We were greeted by Andrew from Port Seton and made our way down to the ‘Tween’ deck where the Ceilidh was being held. There were Skiffers already making merry from Anstruther, Royal West, Port Seton, North Berwick and others including two members from Troon who have just completed their first boat. As we made our way along the deck to find ourselves a table to gather round, those of us who had already had a drink, and those of us who had not, began to wonder if more drinking and dancing on a ship was a good idea. We all felt a bit giddy and try as we might, couldn’t keep ourselves walking in a straight line! It became apparent very quickly that the flooring on the deck was completely uneven and had a lovely camber that slewed you sideways as you walked its length. Well, nothing for it but to start drinking and dancing!
The Ceilidh Band was great and everyone got into the dancing straight away. As the night went on the dancing got faster and wilder and our steps got shorter and messier! At the interval we had a raffle and there was a game to win a bottle of whisky. Cue the interval ‘disco’ which sounds brought out the inner wannabe dance-floor divas in us all and, just to give us an authentic disco-feel, Barbara kindly provided a group of us lassies with a handbag to dance around!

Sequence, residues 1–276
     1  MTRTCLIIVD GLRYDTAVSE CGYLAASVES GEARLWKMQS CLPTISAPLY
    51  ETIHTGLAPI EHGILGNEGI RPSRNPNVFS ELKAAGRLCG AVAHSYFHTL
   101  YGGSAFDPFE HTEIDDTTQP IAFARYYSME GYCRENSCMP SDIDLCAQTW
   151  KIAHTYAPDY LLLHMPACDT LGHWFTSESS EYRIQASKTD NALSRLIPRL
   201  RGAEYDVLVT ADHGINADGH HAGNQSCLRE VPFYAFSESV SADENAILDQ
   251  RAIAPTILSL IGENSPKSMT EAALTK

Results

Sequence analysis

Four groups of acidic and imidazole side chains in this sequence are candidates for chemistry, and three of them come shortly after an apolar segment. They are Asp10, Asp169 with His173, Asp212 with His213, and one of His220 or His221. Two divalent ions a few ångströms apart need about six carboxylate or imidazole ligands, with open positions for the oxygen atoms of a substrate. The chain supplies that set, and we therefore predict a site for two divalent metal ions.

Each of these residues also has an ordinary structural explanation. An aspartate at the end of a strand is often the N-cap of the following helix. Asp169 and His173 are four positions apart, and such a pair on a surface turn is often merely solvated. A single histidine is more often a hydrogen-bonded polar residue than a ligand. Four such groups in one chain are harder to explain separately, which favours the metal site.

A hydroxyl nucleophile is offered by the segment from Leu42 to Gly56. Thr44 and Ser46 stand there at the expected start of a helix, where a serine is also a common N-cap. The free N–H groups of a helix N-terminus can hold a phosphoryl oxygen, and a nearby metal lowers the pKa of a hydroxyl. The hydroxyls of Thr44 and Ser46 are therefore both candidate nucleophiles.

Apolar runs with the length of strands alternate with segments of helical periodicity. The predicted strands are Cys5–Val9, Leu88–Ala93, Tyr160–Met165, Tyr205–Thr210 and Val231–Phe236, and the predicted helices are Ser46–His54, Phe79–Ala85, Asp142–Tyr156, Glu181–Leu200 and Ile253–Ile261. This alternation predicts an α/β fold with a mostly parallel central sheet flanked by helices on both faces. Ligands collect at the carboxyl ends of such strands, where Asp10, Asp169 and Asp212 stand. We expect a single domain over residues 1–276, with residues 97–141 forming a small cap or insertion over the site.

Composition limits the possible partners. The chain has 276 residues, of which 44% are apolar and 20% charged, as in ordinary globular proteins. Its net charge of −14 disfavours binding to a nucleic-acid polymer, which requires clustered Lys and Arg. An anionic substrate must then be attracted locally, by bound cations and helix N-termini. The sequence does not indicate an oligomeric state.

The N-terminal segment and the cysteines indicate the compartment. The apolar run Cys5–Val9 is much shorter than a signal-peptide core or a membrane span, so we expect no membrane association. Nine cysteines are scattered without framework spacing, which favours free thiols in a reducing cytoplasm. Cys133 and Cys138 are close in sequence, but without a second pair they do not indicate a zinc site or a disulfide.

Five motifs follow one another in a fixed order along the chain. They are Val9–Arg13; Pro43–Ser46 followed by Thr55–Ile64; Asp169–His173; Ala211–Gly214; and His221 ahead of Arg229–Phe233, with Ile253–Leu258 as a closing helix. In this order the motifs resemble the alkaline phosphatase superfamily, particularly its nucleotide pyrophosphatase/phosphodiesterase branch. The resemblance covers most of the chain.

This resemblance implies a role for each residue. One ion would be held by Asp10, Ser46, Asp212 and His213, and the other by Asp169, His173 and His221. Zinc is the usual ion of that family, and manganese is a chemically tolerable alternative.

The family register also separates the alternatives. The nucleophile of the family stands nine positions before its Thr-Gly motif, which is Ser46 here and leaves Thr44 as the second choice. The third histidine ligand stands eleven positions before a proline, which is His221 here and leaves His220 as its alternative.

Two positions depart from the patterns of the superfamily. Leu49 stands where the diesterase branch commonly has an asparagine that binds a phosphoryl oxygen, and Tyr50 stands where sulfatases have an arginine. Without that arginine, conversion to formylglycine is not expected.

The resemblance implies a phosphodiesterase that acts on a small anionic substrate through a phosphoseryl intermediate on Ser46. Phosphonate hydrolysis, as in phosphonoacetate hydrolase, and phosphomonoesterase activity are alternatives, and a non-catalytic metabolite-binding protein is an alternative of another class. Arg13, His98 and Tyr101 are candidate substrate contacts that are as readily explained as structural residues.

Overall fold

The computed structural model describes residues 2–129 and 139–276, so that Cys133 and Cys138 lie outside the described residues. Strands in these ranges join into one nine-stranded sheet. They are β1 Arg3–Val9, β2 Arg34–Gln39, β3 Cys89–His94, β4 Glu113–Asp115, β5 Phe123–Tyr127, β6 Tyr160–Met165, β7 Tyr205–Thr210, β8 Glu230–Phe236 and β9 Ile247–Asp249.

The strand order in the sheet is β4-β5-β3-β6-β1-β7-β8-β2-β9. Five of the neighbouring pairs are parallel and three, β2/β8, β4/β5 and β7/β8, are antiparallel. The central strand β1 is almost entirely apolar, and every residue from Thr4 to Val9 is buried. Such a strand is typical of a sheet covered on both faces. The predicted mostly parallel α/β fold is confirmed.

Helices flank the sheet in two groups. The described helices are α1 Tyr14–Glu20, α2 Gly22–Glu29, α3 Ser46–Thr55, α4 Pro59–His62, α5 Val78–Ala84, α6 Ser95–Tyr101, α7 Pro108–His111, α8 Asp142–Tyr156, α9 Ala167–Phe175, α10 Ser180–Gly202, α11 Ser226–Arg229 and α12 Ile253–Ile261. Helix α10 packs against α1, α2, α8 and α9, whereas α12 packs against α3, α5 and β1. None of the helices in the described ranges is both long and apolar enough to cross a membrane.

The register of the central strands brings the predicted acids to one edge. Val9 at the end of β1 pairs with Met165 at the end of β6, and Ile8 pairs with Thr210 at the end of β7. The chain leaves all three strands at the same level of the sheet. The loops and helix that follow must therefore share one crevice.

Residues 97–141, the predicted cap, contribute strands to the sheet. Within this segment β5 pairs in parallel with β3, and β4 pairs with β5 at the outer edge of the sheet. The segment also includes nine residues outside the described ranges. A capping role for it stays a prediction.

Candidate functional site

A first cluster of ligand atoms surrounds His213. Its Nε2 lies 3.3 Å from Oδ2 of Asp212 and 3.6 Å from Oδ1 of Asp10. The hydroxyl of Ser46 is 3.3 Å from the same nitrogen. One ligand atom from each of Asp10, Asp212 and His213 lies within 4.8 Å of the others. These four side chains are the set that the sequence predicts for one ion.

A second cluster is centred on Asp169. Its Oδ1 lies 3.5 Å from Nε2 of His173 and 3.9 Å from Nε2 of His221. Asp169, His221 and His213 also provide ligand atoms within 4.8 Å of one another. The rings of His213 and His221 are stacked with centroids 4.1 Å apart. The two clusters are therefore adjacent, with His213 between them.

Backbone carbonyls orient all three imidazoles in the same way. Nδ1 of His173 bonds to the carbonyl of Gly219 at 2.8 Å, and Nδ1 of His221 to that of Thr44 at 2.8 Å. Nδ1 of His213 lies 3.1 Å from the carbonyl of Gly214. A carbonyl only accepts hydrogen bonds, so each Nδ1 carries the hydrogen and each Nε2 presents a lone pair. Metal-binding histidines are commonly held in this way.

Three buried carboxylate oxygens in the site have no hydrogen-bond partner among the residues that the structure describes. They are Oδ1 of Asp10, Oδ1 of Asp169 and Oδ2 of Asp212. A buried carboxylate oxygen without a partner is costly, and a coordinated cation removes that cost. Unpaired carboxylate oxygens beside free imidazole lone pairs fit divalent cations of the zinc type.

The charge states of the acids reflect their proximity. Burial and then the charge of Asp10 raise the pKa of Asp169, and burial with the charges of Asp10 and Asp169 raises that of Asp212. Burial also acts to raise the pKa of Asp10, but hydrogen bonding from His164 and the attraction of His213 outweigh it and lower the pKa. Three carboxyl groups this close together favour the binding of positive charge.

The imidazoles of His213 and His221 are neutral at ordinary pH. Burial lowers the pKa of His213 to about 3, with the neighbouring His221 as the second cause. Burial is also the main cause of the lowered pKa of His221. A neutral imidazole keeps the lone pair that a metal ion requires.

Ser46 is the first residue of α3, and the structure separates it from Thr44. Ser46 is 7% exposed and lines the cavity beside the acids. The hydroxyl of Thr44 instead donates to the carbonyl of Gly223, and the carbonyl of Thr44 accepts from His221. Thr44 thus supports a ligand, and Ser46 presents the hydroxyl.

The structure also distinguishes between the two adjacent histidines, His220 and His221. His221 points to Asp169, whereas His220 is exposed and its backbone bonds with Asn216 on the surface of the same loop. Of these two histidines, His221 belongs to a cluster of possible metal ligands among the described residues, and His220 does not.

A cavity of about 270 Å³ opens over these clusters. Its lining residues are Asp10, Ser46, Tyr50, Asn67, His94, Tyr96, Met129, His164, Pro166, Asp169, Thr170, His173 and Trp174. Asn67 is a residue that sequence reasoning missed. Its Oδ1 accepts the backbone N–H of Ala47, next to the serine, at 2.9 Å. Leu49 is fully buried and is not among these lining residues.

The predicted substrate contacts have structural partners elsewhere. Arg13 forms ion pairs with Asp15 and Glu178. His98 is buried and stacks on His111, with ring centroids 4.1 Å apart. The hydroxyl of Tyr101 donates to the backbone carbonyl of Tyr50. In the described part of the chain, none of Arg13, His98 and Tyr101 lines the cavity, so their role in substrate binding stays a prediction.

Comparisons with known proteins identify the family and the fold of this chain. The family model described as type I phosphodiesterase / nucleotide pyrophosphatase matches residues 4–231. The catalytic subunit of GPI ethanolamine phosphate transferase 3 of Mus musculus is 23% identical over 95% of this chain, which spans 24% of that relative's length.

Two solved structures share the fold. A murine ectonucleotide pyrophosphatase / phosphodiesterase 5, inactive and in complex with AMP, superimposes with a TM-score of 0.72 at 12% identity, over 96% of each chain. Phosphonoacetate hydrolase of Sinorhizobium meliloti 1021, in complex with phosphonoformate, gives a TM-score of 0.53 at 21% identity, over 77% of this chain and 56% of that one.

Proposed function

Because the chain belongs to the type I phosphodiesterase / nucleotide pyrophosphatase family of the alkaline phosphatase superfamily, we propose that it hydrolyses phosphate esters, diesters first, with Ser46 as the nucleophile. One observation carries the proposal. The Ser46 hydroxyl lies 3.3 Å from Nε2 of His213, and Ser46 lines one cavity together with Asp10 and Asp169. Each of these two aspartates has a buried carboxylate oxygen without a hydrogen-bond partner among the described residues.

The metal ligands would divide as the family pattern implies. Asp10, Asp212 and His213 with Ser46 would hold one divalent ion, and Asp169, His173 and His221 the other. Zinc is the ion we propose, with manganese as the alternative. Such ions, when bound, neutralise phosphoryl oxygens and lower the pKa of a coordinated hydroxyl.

The Ceilidh Band returned for the last hour and by now we were all flying round the floor. One of the funniest dances to watch was the Flying Scotsman. I don’t know whether Jude Nixon looked more terrified or Nick Finnis more confused when they had to lead off, but it kept those of us who sat it out in stitches. The Grand Finale was the Orcadian Strip the Willow and I think everyone joined in for this. It was quite a feat to get from one end of the ship to the other, without falling over and manage to stay with your partner — though I think I started off being a laddie and ended up being a lassie!